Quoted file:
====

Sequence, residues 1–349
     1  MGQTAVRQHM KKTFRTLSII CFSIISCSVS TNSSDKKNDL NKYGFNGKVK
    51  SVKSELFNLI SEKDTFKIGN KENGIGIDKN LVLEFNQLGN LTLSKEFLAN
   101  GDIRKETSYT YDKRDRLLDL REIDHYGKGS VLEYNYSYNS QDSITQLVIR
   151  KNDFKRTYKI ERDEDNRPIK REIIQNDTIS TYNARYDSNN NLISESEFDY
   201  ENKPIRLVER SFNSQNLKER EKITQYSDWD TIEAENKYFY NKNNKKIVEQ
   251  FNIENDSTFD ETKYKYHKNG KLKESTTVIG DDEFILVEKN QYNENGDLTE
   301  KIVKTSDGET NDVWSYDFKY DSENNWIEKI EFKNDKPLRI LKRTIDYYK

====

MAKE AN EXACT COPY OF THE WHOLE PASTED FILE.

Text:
Sequence, residues 1–349
     1  MGQTAVRQHM KKTFRTLSII CFSIISCSVS TNSSDKKNDL NKYGFNGKVK
    51  SVKSELFNLI SEKDTFKIGN KENGIGIDKN LVLEFNQLGN LTLSKEFLAN
   101  GDIRKETSYT YDKRDRLLDL REIDHYGKGS VLEYNYSYNS QDSITQLVIR
   151  KNDFKRTYKI ERDEDNRPIK REIIQNDTIS TYNARYDSNN NLISESEFDY
   201  ENKPIRLVER SFNSQNLKER EKITQYSDWD TIEAENKYFY NKNNKKIVEQ
   251  FNIENDSTFD ETKYKYHKNG KLKESTTVIG DDEFILVEKN QYNENGDLTE
   301  KIVKTSDGET NDVWSYDFKY DSENNWIEKI EFKNDKPLRI LKRTIDYYK